Add OpenAI flags to OpenAPI descriptions

With OpenAI’s new Actions feature allowing you to get a GPT that uses your own API, many new doors are open. However giving an AI an access token the keys to your API and telling it to have fun may lead you to realise that one of the doors available leads to the empty lift shaft of overwritten data, or the bottomless well of cloud bill shock. To reduce the risks, OpenAI supports an extension x-openai-isConsequential that you can add to your OpenAPI description, to indicate which endpoints should not be called without a human confirmation step.

I’m not doing much with OpenAI right now, but I do plenty with OpenAPI and the question “how do I add this field to my existing API description?” is one that I can answer! What’s more, you can use the advice in this post to add other extensions or additions to your OpenAPI descriptions using Overlays, this advice isn’t OpenAI-specific, but it’s used in the examples.

(is anyone else confused by the OpenAI vs OpenAPI similarity yet? I am ….)

OpenAPI Overlays

The OpenAPI Initiative has a group working on a feature called Overlays which solves exactly this problem, where the OpenAPI description exists, but needs some tweaks. Sadly, not very many tools support this yet – the ones I know of are my overlays-js library that I’ll use for the examples in this post, and Speakeasy CLI.

Overlay Example

This example shows an Overlay that adds the x-openai-isConsequential field to all POST endpoints:

overlay: 1.0.0
title: Add OpenAPI annotations
version: 1.0.0
- target: "$.paths.*.post"
x-openai-isConsequential: true

The target field accepts JSONPath, so edit this expression as required to capture the endpoints you want to flag. Note also that you can add as many action steps as you need to, so if it’s simpler to add specific targets rather than trying to JSONPath to the right subset, that is an option! (there’s a bug with the overlays library that means structured overlays don’t work well at this moment, so use targeted overlays).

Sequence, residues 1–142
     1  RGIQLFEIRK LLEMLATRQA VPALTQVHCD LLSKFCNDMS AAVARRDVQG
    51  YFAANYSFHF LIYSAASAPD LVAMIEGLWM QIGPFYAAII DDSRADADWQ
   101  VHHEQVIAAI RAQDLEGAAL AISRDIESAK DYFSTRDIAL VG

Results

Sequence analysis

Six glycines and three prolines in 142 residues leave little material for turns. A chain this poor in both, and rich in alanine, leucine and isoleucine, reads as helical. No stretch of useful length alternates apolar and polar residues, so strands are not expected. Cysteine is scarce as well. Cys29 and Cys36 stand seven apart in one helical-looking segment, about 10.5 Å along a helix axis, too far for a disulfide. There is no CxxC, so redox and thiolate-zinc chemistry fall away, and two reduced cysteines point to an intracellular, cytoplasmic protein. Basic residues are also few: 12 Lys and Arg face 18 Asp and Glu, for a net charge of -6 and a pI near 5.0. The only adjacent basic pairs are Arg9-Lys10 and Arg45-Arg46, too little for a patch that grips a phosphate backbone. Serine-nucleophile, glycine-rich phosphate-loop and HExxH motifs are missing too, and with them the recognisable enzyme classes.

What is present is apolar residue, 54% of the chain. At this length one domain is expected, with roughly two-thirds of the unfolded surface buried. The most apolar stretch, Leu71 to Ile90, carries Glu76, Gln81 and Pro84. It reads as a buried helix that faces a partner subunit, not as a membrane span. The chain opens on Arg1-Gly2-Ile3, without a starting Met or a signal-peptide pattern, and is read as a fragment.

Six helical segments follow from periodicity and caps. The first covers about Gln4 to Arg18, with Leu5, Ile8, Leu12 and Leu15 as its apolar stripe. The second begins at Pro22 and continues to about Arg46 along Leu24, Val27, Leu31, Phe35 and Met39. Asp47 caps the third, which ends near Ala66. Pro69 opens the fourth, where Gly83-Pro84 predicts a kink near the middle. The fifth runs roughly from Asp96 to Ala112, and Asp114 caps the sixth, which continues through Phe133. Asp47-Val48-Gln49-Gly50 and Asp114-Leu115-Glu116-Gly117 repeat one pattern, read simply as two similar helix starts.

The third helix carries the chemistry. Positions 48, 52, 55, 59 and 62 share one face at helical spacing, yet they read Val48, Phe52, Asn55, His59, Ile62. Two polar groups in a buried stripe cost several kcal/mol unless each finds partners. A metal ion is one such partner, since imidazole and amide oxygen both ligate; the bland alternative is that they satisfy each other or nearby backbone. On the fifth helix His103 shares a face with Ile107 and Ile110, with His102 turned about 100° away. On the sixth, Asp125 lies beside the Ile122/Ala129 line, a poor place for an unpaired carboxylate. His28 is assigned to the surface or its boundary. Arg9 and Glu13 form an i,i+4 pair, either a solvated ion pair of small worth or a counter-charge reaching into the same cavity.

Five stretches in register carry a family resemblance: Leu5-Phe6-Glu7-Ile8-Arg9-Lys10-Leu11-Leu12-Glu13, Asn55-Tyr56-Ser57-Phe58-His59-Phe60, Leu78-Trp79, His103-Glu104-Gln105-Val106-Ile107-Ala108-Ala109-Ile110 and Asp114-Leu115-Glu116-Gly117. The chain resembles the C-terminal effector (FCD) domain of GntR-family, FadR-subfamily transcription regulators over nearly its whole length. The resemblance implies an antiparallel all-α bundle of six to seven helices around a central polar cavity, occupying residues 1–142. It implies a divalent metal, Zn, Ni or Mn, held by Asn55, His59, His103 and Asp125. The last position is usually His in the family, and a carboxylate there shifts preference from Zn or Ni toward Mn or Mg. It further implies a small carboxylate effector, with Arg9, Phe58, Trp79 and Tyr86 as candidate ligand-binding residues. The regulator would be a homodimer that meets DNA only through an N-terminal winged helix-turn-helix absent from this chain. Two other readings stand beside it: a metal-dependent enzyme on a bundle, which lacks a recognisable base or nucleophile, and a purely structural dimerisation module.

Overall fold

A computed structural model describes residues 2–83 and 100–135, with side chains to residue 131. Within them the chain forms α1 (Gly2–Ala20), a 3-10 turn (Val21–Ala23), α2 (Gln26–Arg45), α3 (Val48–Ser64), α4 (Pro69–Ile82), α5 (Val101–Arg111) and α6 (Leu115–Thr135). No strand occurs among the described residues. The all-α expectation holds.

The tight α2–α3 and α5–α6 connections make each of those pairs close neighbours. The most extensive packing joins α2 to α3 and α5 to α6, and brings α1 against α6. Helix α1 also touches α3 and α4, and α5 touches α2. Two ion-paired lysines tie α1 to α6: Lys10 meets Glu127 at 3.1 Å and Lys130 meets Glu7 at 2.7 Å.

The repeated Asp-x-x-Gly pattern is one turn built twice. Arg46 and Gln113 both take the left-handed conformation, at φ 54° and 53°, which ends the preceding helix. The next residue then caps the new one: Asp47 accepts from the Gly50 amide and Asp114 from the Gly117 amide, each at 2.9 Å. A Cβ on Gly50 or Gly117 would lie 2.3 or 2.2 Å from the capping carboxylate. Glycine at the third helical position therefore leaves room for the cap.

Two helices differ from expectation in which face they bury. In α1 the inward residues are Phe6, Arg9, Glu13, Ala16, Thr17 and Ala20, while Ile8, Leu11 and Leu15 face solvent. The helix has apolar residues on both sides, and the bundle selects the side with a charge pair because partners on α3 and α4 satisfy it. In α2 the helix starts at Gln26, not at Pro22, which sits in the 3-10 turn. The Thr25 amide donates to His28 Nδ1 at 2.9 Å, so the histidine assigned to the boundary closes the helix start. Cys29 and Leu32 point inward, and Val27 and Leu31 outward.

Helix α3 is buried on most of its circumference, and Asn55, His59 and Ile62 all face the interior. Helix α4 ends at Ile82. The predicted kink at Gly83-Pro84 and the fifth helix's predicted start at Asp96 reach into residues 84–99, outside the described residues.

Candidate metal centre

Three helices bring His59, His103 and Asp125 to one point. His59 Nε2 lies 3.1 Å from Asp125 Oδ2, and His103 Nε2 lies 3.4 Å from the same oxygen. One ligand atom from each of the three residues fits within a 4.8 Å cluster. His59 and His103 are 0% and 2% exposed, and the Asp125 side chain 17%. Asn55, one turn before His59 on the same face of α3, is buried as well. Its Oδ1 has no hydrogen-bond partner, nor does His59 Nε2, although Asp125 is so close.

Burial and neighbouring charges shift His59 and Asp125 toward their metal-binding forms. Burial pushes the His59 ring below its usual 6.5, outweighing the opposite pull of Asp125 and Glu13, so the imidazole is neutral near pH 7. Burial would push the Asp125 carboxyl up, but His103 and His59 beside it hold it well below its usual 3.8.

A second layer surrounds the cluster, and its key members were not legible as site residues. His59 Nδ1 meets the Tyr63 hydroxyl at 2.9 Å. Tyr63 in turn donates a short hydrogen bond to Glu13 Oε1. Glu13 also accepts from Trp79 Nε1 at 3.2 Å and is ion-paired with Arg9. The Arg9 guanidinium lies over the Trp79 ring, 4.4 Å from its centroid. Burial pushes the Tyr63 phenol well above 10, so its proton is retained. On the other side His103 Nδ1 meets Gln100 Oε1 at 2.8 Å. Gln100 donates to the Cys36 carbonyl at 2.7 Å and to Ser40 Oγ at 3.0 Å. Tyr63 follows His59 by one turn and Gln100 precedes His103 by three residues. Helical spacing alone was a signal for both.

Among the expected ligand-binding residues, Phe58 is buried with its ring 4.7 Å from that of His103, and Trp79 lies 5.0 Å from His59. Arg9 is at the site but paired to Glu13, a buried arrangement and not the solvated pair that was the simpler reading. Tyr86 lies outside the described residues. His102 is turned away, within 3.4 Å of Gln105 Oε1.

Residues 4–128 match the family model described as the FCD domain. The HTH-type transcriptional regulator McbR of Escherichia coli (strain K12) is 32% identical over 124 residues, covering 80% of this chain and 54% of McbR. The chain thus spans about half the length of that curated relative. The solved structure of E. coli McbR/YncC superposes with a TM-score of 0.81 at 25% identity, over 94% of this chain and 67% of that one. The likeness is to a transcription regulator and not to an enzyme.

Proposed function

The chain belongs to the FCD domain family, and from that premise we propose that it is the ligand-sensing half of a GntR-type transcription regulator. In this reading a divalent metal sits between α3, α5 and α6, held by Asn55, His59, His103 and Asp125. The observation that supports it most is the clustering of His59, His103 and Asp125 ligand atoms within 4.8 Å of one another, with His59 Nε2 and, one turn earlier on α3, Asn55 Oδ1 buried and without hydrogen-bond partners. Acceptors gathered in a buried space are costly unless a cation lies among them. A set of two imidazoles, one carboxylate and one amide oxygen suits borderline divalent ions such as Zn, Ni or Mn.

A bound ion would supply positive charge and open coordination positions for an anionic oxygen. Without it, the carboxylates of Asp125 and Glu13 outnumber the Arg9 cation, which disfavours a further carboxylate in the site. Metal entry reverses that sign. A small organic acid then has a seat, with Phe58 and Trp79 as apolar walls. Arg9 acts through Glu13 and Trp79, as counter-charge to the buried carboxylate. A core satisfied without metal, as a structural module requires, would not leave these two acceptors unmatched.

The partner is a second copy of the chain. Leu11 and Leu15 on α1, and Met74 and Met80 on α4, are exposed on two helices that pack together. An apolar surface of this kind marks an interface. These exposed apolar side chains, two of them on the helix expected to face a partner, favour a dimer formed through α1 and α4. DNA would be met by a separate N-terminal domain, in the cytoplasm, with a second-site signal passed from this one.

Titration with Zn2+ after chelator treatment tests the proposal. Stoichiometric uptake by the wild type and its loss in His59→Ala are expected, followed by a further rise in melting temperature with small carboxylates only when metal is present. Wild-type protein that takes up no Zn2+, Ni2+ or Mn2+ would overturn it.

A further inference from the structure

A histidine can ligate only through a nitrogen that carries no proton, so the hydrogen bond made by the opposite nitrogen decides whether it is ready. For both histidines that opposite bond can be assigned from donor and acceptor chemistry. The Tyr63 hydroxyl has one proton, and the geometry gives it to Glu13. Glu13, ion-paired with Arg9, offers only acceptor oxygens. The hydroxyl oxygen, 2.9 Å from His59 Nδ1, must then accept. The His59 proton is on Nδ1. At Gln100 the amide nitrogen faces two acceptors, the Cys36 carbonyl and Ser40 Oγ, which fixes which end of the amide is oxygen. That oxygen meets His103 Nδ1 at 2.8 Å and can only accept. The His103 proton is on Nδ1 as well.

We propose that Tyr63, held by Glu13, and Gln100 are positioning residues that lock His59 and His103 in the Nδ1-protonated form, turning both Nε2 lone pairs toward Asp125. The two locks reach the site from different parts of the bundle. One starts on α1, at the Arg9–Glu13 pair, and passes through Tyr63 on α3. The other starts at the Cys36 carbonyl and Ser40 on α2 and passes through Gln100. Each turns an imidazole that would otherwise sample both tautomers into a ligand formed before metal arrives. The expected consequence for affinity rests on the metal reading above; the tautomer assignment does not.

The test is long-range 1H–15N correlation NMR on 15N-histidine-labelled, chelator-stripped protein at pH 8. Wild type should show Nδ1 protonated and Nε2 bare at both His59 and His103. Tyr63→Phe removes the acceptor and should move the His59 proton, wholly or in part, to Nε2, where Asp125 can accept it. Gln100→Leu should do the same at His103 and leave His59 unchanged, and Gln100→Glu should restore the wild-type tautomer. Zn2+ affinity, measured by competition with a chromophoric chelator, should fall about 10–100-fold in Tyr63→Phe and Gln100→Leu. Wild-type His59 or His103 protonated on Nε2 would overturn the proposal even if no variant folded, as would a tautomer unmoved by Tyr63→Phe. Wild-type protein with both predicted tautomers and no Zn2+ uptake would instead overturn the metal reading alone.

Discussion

Use overlayjs to update the API description

Check the installation instructions to get the tool installed if you don’t have it already.

Run the command and supply the API description as --openapi and the overlay as --overlay. For example, the following command applies overlay.js to openapi.js:

overlayjs --openapi openapi.yaml --overlay overlay.js > new-openapi.yaml

The command writes to stdout, so you can direct the output wherever you would like it to go. In my case, I’ve directed it to a file called new-openapi.yaml.

Take a look at the updated OpenAPI description, or diff it against the original, and you should see that the post endpoints now have the OpenAI x-openai-isConsequential: true added.

By using OpenAPI Overlays, you get a standard format and a choice of tools to apply it with. You can prepare an OpenAPI file for use with OpenAI, even if you are an API consumer and have no input into the way that the OpenAPI is created – or if you just want to avoid cluttering other stages of your API lifecycle with the metadata specific to the OpenAI use case. Hopefully this helped you get your OpenAPI in shape for OpenAI (yes, still confusing to have such similar words!), I’d be happy to hear how you get on if you want to share in the comments.

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